Baby Big-Foot could not stop trembling as he strained at the rope that tied him to the tree, and wondered if his father and mother and the rest of the herd would get away in time.

The day slowly wore on. Gradually the human had returned from the fields. Groups came and stared at him, and he was given some milk in a dirty bucket, and later on some sugar cane. He had no heart to eat or drink, however. He wanted nothing but to be back at his mother’s side telling her how sorry he was that he had not obeyed her orders, and promising that he would always do so in future. He did not know, however if he would ever see her again,and his heart became heavier and heavier, as hungry, thirsty and lonely, he wished again and again that he had never left her side.

At last the sun went down and night fell. Baby Big-Foot fell into a fitful sleep, and dreamed that his mother was beside him fondling him with his trunk. Then suddenly he was wide awake. Except for the cry of a distant stillness, all the same, he knew that something had woken him. It took him some time to realize what it was, and then his dream came back to him and he recognized the smell of his mother.

Baby Big-Foot strained his eyes in the darkness but could see nothing. And then suddenly he realized something. The dark shape which was standing motionless against a clump of trees was not a rock as he had thought but outline of an elephant. His first instinct was to call out to her to tell her where he was, but something held him back. As silent and still as a little statue he stood instead, straining his eyes in the darkness to see her better. Quite suddenly he realized that she was moving – moving in complete silence, but slowly and steadily getting nearer. Straining at the rope he tried to reach her as she came gradually nearer. An then suddenly, in elephant language, which can when it wants to be, be completely silent, he knew that she was talking to him.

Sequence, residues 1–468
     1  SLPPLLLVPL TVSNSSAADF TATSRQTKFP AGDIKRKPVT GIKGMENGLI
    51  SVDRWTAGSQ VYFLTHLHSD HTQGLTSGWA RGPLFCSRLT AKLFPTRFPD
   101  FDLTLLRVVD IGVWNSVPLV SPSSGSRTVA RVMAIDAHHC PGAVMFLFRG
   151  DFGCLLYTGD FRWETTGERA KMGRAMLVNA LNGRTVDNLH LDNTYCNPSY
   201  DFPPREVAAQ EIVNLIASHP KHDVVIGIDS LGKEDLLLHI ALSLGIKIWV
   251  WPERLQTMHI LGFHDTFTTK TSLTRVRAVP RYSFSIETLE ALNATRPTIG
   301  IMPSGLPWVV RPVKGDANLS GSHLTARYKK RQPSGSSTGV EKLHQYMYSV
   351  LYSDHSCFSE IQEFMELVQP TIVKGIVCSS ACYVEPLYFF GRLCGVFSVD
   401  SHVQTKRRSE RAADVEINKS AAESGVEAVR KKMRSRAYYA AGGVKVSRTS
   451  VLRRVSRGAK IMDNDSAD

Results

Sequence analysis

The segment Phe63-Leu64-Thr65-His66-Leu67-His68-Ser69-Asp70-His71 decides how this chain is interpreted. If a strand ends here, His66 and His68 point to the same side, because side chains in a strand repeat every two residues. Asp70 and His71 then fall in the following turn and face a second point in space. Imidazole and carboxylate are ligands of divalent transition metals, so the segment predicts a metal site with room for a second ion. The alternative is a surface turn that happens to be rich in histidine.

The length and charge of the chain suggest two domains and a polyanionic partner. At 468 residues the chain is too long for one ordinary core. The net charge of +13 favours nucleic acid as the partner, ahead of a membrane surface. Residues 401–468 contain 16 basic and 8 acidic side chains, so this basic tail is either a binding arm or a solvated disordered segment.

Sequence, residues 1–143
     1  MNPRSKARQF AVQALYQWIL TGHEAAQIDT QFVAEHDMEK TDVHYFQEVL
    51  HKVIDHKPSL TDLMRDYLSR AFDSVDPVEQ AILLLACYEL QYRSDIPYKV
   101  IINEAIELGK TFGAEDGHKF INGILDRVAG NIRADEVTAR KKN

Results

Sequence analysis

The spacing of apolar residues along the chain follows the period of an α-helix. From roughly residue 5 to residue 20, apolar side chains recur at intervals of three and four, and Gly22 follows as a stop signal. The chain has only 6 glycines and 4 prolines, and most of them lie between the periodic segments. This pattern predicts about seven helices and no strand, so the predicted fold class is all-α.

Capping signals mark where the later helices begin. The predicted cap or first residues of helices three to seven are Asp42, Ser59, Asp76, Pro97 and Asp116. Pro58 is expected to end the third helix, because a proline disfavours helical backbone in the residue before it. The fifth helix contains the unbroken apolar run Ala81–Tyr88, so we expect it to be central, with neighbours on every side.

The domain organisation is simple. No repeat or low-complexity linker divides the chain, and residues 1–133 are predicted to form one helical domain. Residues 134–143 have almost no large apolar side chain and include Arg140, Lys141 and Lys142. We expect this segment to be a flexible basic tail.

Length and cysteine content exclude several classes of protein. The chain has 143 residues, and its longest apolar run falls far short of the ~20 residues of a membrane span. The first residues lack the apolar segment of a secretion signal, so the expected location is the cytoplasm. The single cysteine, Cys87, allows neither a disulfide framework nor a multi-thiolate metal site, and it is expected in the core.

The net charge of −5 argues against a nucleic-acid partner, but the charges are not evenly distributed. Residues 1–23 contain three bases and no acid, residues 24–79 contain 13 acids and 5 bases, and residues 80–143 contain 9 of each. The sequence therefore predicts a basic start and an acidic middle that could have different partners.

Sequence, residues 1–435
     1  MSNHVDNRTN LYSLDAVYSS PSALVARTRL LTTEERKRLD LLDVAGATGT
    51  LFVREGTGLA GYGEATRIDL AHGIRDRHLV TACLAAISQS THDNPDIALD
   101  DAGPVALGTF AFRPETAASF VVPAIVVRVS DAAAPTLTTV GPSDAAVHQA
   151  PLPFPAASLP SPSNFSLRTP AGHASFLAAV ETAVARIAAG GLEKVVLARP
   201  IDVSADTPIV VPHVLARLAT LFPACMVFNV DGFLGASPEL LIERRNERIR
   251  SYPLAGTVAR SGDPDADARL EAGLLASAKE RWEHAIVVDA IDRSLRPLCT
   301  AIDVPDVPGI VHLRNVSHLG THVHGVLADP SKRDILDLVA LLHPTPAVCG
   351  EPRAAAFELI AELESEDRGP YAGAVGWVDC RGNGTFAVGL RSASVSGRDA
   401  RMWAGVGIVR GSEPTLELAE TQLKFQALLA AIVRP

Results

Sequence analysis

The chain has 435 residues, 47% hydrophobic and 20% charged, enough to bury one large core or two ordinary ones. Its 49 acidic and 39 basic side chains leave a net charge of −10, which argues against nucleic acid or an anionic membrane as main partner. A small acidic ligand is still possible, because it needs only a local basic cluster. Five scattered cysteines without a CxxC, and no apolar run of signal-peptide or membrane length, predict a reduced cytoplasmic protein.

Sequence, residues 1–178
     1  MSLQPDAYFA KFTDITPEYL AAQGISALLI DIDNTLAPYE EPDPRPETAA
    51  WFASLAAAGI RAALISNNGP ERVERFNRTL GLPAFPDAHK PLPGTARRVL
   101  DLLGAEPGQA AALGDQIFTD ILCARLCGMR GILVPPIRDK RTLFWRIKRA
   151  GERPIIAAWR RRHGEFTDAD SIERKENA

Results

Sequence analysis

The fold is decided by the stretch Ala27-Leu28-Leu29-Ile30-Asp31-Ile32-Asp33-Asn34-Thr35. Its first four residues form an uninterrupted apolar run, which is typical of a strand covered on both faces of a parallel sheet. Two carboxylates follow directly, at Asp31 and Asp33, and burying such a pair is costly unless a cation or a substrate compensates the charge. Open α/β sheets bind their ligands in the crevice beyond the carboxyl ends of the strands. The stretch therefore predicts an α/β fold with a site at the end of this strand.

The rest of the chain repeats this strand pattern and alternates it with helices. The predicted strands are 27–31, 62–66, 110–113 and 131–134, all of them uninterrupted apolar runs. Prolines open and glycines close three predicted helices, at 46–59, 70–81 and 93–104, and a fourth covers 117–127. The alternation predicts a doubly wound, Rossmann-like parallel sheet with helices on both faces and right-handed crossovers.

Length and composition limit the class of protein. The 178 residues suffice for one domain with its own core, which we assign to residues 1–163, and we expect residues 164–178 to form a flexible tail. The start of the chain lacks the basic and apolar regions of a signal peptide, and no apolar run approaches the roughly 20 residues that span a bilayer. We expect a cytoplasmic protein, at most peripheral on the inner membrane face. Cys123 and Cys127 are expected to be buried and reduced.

Don’t make a sound “, she was saying, “but just obey me and do exactly as I say “. She had reached him now, and her trunk was already on the rope. “Now – when I tell you to PULL !”.

Baby Big-Foot needed no second bidding. At the word of command he strained every nerve in his body in the same direction that his mother was pulling, and the next moment was thrown forward on to his trunk, as the rope suddenly snapped.

Run !” Baby-Big Foot was ready enough to obey his mother now. In a second he was on his feet, running as fast as his short legs could carry him, following his mother down the narrow path which led to the other side of the maze field. Shouts behind him only made him run faster and it was not until they had reached the safety of the forest, and all human sounds had faded, that his legs gave way beneath him, and he crashed down into the long grass and ferns that fringed a forest pool.

His mother stood over him, pouring cooling water over his head and tired body, but not uttering a word of reproach.

At last he braved himself to look up at her. She was not looking angry, however, and his fear melted.

I know I shouldn’t have gone so far away “, he apologized humbly. “I’ll never say I’m big again – not till I really am – and I’ll never leave you again, never !”

And in case you have ever seen an elephant smile, that is exactly what Mother Big-Foot did then.